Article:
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Water Vapour Retrieval using AMC-DOAS
Introduction Retrieval Method Data Products Data Access References Contact
This is the AMC-DOAS main page.
Water vapour is one of the most important atmosphere constituents. Most of it is located in the troposphere close to the surface of the Earth. Especially, water vapour is the major greenhouse gas; without the natural greenhouse effect due to water vapour life on Earth as we know it would not be possible. The knowledge about the global distribution of water vapour is a relevant input quantity for atmospheric models aiming to predict weather or climate.
The probably most accurate tropospheric water vapour measurements are performed by radio sondes. However, radio sondes can only provide very localized snapshots of the atmospheric conditions, and the distribution of radio sonde measurement sites over the Earth is rather inhomogeneous and considerably sparse especially over the oceans and in the southern hemisphere.
Only satellite measurements using remote sensing techniques can provide water vapour data on the global scale, but they are usually limited in spatial and/or temporal coverage and resolution. Different sensors using different spectral regions and viewing geometries and various retrieval methods have been developed to derive water vapour concentrations from satellite data.
The Air Mass Corrected Differential Optical Absorption Spectroscopy (AMC-DOAS) is a method to retrieve total water vapour column amounts from spectral measurements in the visible wavelength region around 700 nm. Because data in the visible spectral range are analysed, the AMC-DOAS method is only applicable to measurements on the dayside and to (almost) cloud-free ground scenes. A significant advantage of the AMC-DOAS method is that the derived water vapour columns do not depend on additional external information, like a calibration using radio sonde data which is often used in the microwave spectral region. The AMC-DOAS water vapour columns therefore provide a completely independent data set.
Example for an Earthshine spectrum measured by the GOME instrument (channel 4).
The AMC-DOAS fitting window is marked.
(Click to enlarge)
The size of the air mass correction factor can be used a criterion for the quality of the H2O data product. In the ideal case, i.e. if the atmospheric conditions used in the model calculations match the real conditions, the air mass correction factor should be 1. In the presence of clouds, only the atmosphere above the clouds can be probed by the instrument, so the effective amount of both O2 and H2O seen by the instrument is smaller than the amount used in the model calculations. The air mass factor correction would then try to compensate for this. In this case the correction factor would be smaller than 1.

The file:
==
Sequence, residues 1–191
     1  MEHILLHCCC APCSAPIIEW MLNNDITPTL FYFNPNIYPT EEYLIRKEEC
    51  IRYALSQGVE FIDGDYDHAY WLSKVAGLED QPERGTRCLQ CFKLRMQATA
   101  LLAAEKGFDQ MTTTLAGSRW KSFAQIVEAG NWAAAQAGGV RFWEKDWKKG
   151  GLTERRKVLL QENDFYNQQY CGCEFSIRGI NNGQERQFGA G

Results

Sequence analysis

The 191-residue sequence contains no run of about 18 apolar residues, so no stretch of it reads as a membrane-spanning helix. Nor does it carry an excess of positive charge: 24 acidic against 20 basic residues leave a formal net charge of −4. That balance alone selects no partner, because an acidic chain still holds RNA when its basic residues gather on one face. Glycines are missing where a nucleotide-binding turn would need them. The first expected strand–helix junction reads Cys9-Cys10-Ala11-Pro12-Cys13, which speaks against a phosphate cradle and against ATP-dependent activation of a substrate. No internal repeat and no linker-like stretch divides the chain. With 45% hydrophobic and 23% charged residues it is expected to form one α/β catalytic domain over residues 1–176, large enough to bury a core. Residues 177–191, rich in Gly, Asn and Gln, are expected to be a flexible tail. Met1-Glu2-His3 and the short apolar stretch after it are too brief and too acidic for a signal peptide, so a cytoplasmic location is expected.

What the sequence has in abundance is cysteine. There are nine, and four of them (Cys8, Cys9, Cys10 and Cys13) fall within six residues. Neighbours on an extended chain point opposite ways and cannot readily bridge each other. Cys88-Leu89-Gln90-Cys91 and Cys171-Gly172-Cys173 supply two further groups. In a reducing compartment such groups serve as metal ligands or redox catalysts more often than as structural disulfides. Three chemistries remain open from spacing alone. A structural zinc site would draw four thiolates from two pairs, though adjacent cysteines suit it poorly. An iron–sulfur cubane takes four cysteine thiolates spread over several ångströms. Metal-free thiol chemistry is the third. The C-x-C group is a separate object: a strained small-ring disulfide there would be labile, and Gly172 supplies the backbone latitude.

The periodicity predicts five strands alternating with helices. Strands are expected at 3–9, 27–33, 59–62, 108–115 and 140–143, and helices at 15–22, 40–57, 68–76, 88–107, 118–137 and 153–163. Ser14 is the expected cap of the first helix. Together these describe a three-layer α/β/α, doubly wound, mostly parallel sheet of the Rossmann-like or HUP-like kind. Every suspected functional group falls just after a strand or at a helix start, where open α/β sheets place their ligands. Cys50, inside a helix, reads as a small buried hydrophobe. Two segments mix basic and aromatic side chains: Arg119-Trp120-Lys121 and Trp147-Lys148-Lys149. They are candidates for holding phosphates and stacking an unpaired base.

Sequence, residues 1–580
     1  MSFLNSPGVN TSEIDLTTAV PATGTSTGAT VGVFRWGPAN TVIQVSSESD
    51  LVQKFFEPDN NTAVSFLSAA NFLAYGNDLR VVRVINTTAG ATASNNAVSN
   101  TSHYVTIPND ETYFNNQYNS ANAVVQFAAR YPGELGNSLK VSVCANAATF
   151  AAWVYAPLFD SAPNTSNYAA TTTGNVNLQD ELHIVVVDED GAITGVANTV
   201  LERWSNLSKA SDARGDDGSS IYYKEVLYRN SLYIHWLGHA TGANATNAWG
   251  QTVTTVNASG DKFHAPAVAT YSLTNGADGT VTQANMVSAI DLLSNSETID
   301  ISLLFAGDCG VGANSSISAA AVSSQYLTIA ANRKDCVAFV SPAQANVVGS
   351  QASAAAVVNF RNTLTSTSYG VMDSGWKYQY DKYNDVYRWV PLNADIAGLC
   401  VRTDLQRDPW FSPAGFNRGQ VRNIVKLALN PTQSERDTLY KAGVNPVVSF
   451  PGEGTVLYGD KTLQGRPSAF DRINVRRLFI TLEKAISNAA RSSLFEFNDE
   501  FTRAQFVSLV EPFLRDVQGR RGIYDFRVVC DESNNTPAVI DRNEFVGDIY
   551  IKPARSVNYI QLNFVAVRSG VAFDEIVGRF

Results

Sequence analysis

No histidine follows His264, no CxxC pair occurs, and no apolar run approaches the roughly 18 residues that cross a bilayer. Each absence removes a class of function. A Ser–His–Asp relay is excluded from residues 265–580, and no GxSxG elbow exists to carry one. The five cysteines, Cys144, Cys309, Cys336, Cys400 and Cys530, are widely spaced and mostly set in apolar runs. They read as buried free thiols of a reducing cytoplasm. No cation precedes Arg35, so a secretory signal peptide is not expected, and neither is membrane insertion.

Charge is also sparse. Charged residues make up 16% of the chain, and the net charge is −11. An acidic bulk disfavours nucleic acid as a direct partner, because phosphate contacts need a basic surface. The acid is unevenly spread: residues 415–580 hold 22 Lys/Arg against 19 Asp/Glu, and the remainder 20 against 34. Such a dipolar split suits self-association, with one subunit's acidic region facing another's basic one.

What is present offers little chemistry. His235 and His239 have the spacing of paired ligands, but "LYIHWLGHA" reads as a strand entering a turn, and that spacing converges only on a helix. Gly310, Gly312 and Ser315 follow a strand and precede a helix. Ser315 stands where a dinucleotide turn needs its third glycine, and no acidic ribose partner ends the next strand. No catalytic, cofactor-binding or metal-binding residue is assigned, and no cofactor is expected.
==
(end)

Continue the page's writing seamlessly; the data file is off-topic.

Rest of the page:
If the air mass correction factor deviates too much from 1, this is an indication that the conditions of the reference atmosphere differ to much from reality. In this case the retrieved H2O columns are considered to be unrealistic.
In practice, it could be shown that data retrieved with air mass correction factors smaller than 0.8 are unreliable. Therefore, these data have been omitted from the distributed data products. In addition, measurements performed at high solar zenith angles (larger than 88 deg) have been excluded.
Details about the AMC-DOAS method can be found e.g. in Noël et al. (2004).
There is also an Algorithm Description Document available.
The AMC-DOAS retrieval method has been successfully applied to
measurements of GOME (Noël
et al., 1999)
and SCIAMACHY (Noël
et al., 2004) . Because the ground pixel size of
SCIAMACHY is typically much
smaller than for GOME (30 km x 60 km compared to 40 km x 320 km), the
probability for cloud-free scenes is much higher for SCIAMACHY. Global
coverage is achieved for SCIAMACHY nadir measurements in 6 days, for
GOME in 3 days.
SCIAMACHY and GOME H2O total columns over Europe for 27 Jan 2003.
The smaller SCIAMACHY ground pixels are marked by boxes.
(Click to enlarge)AMC-DOAS water vapour results have been compared with various independent data, including measurements of the Special Sensor Microwave Imager (SSM/I) over ocean, assimilated global water vapour data provided by the European Centre for Medium-Range Weather Forecast (ECMWF) and in-situ radio sonde data. These intercomparisons revealed in general a good agreement between the different data sets, but AMC-DOAS water vapour columns are typically slightly (~0.2 g/cm2) lower than e.g. SSM/I and ECMWF data. This is most likely caused by the exclusion of too cloudy (and thus moist) scenes in the AMC-DOAS data. In all cases a large scatter in the data (~0.5 g/cm2) was observed which can be mainly attributed to the large spatial and temporal variability of water vapour (see e.g. Noël et al., 2005, for details).
Intercomparisons between AMC-DOAS results based on GOME and SCIAMACHY measurements showed a good agreement (Noël et al., 2006, 2007). It is therefore possible to generate a combined GOME/SCIAMACHY water vapour climatology which is useful for climatological trend analysis applications.
The combined GOME (1996-2002) and SCIAMACHY (2003-2006) water vapour data set (monthly means).
(Click to enlarge)
All available SCIAMACHY data since August have been processed. The analysis is ongoing, have a look at the SCIAMACHY DOAS nadir browser for most recent results.
Current data product version is 1.0. Click here for a list of changes. You may also download the Product Specification Document.
Access to all data is possible under certain conditions; click here for details.
Author of this page: Stefan Noël